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Healthcare Federation Of Nigeria, has as a corporate mission, the goal of improving healthcare indices and create an environment where Nigerians can receive affordable and accessible healthcare of the highest quality. This mission is powerfully driven and focused by a clear vision of working to bring all stakeholders in the Nigerian private health sector under one umbrella with the aim of influencing healthcare policy and practices in the country.
As stated by the Minister of Health, Prof Isaac Adewole, one of the cardinal programmes of President Mohammadu Buhari’s administration is to engage in massive revitalization of Primary Healthcare Centers (PHCs) in Nigeria in order to ensure that quality basic health services is delivered to Nigerian masses irrespective of their location in the country.
He also revealed that the government’s intention is to focus on providing health services to the over 70 percent of Nigerians living in the rural areas including the vulnerable such as women, children under five years of age and the elderly.
The United Nations Children Fund (UNICEF) has donated 850,000 doses of vaccines to Sokoto State government to tackle Cerebrospinal Meningitis in the state.
Mohammad Mohiuddin, UNICEF chief, Sokoto Zonal Office, made the disclosure on Wednesday in Sokoto at a sensitisation meeting for media practitioners, religious and traditional leaders, as well as other stakeholders.
The Lagos State Government on Tuesday said that plans were in progress to start its compulsory Health Insurance Scheme for all residents to ensure adequate healthcare services.
The Commissioner for Health, Dr Jide Idris, who made the assertion during the “Mamaye Day’’ celebration at Ikeja, said that the scheme would enrol a family of six with the premium paid in monthly instalments.
As of April 17 2017, there had been over 8000 reported cases of Meningitis in Nigeria, and nearly 800 deaths, and it’s not slowing down yet. The first case of the disease was first reported in Zamfara state in November 2016. By February 2017, it had become more widespread in the Northwest and Northcentral zones in Nigeria and was declared an epidemic in six states Katsina, Kebbi, Zamfara, Niger, Sokoto and Yobe.
Meningitis is an inflammation of the protective membranes covering the brain and spinal cord, usually caused by bacterial, viral, fungal or parasitic infection of the surrounding fluid. Viral and Bacterial meningitis are contagious and can usually be transmitted by overcrowding, coughing, sneezing and close contact. Epidemic meningitis is most often caused by the bacteria known as Neisseria Meningitidies. It has different strains but Serotype C accounts for about 80% of the Nigerian outbreak.
This week, more than 138,000 vaccinators will fan out across five African countries in the Lake Chad area in a push to eliminate polio in Africa and rid the world of this terrible disease forever.
They will take boats across fast-flowing rivers, ride jeeps along sandy ravines, walk crowded street in towns and cities and navigate cramped quarters of refugee camps to ensure that every child is immunized. Traveling for hours a day, these dedicated women and men will visit children in homes, schools, train stations, and transit points across Nigeria, Niger, Chad, Cameroon, and the Central African Republic.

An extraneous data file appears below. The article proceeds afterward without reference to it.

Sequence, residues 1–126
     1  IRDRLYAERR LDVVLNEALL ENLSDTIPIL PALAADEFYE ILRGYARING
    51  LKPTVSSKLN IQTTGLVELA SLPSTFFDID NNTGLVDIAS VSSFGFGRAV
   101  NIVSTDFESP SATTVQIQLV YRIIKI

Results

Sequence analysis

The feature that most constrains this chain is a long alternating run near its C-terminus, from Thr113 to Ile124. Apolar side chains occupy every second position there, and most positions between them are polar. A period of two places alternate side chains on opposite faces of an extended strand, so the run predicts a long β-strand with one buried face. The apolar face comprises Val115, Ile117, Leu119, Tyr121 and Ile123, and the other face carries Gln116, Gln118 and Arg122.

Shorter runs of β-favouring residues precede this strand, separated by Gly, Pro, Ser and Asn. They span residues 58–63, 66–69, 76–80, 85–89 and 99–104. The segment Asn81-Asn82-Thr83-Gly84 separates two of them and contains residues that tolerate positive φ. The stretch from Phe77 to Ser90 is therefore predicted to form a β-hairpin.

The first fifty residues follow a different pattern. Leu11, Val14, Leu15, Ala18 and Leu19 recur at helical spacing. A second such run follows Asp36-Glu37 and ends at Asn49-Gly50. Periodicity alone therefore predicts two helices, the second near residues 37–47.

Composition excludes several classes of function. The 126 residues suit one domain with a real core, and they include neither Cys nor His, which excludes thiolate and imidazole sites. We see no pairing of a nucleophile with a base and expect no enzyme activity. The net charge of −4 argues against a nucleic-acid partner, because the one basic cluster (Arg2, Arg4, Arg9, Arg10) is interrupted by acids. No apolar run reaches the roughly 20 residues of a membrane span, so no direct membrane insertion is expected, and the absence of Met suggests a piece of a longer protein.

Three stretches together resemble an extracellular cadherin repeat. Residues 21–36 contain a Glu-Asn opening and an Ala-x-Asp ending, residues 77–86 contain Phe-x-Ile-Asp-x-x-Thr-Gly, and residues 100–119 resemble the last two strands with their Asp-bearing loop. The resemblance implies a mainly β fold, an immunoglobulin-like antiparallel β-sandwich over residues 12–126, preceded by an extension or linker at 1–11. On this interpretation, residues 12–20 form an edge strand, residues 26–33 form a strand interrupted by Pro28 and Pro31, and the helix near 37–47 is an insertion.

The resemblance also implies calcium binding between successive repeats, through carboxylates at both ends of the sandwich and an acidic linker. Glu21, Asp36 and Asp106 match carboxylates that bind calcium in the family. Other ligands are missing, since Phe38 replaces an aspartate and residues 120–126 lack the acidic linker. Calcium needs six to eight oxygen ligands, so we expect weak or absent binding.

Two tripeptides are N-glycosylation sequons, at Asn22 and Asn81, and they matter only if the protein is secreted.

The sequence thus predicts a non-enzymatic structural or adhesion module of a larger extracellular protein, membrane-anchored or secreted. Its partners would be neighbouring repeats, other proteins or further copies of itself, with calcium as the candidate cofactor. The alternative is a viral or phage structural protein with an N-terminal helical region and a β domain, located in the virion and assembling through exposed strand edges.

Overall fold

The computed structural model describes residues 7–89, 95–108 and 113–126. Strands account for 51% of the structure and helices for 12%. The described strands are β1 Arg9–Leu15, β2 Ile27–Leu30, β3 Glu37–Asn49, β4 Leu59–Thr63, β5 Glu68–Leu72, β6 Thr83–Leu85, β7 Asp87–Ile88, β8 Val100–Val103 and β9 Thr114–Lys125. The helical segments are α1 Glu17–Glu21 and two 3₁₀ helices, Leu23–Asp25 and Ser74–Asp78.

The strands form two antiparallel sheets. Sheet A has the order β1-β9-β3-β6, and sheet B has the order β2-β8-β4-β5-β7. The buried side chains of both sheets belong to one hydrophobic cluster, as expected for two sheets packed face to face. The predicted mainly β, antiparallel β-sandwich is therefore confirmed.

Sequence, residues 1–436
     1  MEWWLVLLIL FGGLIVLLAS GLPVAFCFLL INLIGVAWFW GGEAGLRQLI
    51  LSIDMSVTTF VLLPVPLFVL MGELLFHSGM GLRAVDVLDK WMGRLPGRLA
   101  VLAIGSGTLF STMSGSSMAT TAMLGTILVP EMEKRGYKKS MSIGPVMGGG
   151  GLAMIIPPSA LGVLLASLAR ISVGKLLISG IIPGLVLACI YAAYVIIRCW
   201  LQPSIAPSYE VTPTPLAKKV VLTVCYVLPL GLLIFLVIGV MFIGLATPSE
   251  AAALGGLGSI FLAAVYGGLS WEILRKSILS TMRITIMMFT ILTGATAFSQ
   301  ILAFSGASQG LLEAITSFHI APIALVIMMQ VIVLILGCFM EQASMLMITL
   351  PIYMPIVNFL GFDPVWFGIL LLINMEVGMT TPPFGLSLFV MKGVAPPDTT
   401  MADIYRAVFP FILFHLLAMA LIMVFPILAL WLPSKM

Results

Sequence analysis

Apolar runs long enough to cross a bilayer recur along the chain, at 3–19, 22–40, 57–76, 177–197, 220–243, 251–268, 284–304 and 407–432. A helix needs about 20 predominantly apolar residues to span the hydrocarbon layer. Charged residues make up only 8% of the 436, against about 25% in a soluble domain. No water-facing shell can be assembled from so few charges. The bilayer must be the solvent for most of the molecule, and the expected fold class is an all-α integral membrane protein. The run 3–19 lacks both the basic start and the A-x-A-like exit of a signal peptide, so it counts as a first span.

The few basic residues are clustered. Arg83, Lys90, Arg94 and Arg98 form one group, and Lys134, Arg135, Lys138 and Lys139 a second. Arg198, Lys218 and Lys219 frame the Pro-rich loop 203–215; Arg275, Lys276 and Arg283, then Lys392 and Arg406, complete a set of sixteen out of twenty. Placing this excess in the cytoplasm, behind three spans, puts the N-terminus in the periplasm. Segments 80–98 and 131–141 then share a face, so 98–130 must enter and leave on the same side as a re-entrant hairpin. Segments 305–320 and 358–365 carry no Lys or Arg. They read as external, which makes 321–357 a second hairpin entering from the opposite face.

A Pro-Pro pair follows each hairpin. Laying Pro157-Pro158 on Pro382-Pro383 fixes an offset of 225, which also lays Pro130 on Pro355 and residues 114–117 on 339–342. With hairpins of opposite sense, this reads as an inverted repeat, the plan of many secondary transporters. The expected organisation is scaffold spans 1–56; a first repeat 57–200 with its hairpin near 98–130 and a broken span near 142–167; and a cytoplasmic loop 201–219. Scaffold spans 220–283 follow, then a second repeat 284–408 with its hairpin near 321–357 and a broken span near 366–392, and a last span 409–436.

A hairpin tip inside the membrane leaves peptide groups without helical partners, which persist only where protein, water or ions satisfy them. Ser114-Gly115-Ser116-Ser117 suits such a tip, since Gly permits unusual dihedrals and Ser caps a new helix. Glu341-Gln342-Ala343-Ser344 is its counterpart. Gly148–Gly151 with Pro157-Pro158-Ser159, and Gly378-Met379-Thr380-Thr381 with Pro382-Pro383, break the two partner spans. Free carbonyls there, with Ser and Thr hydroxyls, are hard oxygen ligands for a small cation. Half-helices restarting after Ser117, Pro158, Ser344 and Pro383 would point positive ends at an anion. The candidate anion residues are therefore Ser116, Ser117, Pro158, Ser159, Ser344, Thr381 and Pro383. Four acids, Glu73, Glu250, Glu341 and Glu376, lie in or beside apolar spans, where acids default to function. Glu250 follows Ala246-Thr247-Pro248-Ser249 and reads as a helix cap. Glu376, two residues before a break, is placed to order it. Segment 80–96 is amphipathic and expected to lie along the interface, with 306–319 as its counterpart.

Today is World Malaria Day (WMD). The World Health Organisation (WHO) yesterday declared that despite the substantial gains in malaria responses, the disease has remained a major public health threat.
The WHO at an event in Nairobi, Kenya, said the global tally of malaria reached 429,000 deaths and 212 million new cases in 2015, with one child dying from malaria every two minutes. The WHO in a report released yesterday titled “Malaria prevention works: Let’s close the gap” showed critical gaps in prevention coverage, particularly in sub-Saharan Africa.
The Chief of Health, UNICEF, Nigeria, Mr John Agbor, made the assertion in an online interview with the News Agency of Nigeria (NAN) in Lagos in commemoration of the 2017 World Malaria Day.
Agbor said the organisation was working together with the Federal Ministry of Health and other partners to ensure that such services respond to their basic needs, including prevention, diagnosis and treatment of malaria.
The Katsina state government is to spend N400 million on the implementation of the World Bank sponsored health programme of the Save One Million Lives project. Hajiya Mariyatu Usman, the state commissioner for Health, announced this during a sensitization visit to the Emir of Daura, Alhaji Umar Farouk, on Thursday.
She said that the state would use the money for the promotion of the health of one million pregnant women and children under five years.
Grand Health Bazaar #GHB2017 comes up from April 25th-27th 2017 at Havilah Centre, Victoria Island, Lagos.
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To improve healthcare indices and create an environment where Nigerians can receive affordable and accessible healthcare of the highest quality.
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To bring all stakeholders in the Nigerian private health sector under one umbrella with the aim of influencing healthcare policy and practices in the country.
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